Queen MotherThe formal opening ceremony was performed by the Patroness of the College, the Queen Mother, on Monday 5th June 1961.

Critical reception

When Sir Basil Spence’s ERASMUS BUILDING was designed and illustrated and went up in 1959–​61, there was great commotion over this desecration by a modernistic building of part of an ancient site and of the river view from the Backs. Yet this seems now, ten years later, such a harmless building, well sited and not in the least clashing with the Victorian and Edwardian buildings with which it forms a court. And whereas we now object to the fashion of slit windows which are no use to the inhabitants of the rooms, people then objected to the sheerness of the blocks which we now bless when such wild excesses are committed everywhere in outlines and skylines.
[Cambridgeshire, by Sir Nikolaus Pevsner, 2nd edition, 1970, pp. 139–​40] 

Subsequent history

In 1997, all 43 student study-bedrooms on K staircase were refurbished with en-suite WCs and showers, the first such conversion in Queens’. The former dark veneer built-in furniture was swept away to make way for the en-suite cubicle, and some of the dark veneered panels were recycled to make new bookshelves over the stone shelf. The finned tubes were replaced by higher output radiators, and the electric fires were removed. The space released by the former communal bathrooms, WCs, and drying rooms allowed the gyp-rooms to be enlarged and upgraded in later years, and two supervision rooms to be created on staircase L.

In 2014, the open staircase was enclosed in a glass lobby with powered doors. The enclosure was completed in early 2017 by a glass door closing an arch in the brick pier which formed the base of the staircase well.


In 1955, King’s College extended the riverside end of their Bodley’s Court building southwards, right up to the boundary wall with Queens’. The new extension, designed by William Holford, incorporated a bay window projecting over the boundary, which technically was on Queens’ land without consent. The potential dispute between the two colleges was settled amicably by King’s allowing Queens’ to build over the boundary wall in the opposite direction with their (then) planned new building. And that is how the Erasmus Building came to be cantilevered over the boundary wall with King’s Provost’s Garden.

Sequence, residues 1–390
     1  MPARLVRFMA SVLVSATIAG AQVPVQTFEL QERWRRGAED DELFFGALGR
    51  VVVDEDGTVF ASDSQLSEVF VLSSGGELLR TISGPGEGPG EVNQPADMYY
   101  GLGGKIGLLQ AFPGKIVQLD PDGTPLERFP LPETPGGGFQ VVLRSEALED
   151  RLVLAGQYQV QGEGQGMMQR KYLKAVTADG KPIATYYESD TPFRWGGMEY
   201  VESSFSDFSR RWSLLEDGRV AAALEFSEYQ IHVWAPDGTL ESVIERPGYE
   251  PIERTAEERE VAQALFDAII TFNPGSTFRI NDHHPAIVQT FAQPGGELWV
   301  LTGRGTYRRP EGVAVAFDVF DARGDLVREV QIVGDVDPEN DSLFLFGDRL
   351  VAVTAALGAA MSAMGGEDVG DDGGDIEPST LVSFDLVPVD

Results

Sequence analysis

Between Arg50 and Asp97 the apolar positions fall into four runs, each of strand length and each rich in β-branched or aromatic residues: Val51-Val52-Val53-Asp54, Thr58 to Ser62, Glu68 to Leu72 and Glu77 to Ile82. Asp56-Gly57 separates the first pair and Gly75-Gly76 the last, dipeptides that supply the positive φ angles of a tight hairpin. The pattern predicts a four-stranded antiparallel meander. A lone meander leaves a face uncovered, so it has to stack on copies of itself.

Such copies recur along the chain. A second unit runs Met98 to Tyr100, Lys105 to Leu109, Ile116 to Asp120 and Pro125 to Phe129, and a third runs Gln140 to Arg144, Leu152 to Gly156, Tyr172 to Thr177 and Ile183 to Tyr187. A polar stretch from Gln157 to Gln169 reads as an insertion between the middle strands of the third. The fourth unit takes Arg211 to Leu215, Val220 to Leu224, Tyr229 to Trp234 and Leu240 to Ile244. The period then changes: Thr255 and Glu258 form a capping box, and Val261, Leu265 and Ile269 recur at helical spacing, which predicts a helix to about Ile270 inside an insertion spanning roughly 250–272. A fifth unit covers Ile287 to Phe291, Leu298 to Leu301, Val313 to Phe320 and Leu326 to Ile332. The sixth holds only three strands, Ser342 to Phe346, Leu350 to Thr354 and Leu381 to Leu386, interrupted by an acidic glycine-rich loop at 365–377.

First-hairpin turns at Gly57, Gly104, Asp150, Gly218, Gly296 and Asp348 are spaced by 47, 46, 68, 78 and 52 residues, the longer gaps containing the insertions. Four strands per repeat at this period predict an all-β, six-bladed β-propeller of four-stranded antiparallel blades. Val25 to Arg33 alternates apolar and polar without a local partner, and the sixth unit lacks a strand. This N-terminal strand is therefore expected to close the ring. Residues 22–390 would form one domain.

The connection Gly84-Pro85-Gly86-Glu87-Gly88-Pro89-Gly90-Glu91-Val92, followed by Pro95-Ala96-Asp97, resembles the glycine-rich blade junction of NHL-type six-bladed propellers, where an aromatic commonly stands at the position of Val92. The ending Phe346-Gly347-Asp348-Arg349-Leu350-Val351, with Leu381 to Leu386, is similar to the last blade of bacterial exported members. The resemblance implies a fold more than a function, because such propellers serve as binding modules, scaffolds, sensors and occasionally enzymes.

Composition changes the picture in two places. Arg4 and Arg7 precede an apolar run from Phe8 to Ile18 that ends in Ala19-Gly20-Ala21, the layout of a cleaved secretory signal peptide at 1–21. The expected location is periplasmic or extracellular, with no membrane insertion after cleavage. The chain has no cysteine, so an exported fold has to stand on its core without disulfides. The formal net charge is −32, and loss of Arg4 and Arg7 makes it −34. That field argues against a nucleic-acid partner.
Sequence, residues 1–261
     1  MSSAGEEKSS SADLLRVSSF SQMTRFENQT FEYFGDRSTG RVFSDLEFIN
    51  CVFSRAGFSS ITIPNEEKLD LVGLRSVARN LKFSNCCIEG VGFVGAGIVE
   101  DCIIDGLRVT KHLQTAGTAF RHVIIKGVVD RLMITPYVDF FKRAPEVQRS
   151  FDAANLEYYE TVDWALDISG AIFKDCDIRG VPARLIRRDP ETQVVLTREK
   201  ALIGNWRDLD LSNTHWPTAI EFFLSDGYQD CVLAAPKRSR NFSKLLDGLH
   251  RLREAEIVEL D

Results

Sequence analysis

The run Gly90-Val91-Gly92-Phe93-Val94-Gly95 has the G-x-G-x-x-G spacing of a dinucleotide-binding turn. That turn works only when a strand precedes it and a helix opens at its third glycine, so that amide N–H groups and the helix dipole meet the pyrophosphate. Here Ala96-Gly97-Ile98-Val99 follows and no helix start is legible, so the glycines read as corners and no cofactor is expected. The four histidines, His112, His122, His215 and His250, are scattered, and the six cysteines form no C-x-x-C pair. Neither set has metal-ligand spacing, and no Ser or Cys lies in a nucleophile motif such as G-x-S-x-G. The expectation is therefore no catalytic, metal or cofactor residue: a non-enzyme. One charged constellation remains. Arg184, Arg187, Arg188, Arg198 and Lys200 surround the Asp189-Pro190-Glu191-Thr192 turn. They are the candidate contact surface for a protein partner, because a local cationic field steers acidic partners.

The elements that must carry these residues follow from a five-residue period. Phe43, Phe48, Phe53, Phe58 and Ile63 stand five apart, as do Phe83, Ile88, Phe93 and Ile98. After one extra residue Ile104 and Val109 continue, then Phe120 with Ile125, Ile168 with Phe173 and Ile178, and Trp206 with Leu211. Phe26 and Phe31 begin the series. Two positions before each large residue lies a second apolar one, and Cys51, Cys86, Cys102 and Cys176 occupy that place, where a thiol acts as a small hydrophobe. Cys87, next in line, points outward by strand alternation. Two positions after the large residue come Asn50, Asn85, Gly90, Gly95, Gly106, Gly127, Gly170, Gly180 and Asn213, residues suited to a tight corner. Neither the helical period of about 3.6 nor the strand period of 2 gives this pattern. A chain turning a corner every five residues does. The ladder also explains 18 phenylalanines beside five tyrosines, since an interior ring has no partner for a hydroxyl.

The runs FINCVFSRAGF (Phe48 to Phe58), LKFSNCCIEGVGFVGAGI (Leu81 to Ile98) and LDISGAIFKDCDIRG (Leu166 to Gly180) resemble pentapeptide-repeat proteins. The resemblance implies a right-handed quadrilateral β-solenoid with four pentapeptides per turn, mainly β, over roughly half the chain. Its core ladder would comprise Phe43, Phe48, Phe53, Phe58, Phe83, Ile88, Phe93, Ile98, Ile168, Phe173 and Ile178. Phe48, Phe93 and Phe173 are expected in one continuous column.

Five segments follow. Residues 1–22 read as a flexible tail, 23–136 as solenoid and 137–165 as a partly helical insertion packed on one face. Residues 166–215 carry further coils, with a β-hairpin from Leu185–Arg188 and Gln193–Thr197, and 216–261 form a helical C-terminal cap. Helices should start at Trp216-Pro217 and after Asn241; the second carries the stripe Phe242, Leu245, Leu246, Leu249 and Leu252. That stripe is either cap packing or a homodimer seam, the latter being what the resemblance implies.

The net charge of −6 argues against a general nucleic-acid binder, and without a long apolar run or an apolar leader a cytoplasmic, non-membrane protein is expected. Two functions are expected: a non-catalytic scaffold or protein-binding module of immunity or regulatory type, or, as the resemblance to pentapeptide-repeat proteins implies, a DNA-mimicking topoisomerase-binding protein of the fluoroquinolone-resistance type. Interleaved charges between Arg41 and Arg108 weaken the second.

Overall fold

The contrast between the traditional mock-Tudor 1955 Holford building and the modernist 1959 Spence building on adjacent sides of the bowling green is an architectural talking-point.

To keep the staircase lettering of Erasmus Building in sequence with those of the adjacent Friars Building (M,N,O,P), it was allocated staircase letters K and L, which had previously been used for the staircases now known as Essex and Cloister, respectively.

The summer 1997 en-suiting project over-ran into the Michaelmas Term, and for several weeks 43 undergraduates were accommodated in the spare bedrooms of Fellows and staff throughout the city, or on the floors of friends elsewhere in college. One of the displaced students happened to be a grandson of a writer of one of the letters of protest to The Times in February 1958.

Myth and misinformation

Punt chauffeurs and other tourist guides can frequently be heard asserting that the Erasmus Building’s pilotis and windows were designed to look like trees and leaves. This story, for which no contemporary evidence can be found, appears to be a complete fabrication.

Further reading

1958: Mr Spence to design college building, in The Times, No. 54051, 1958 Jan 17, p. 12.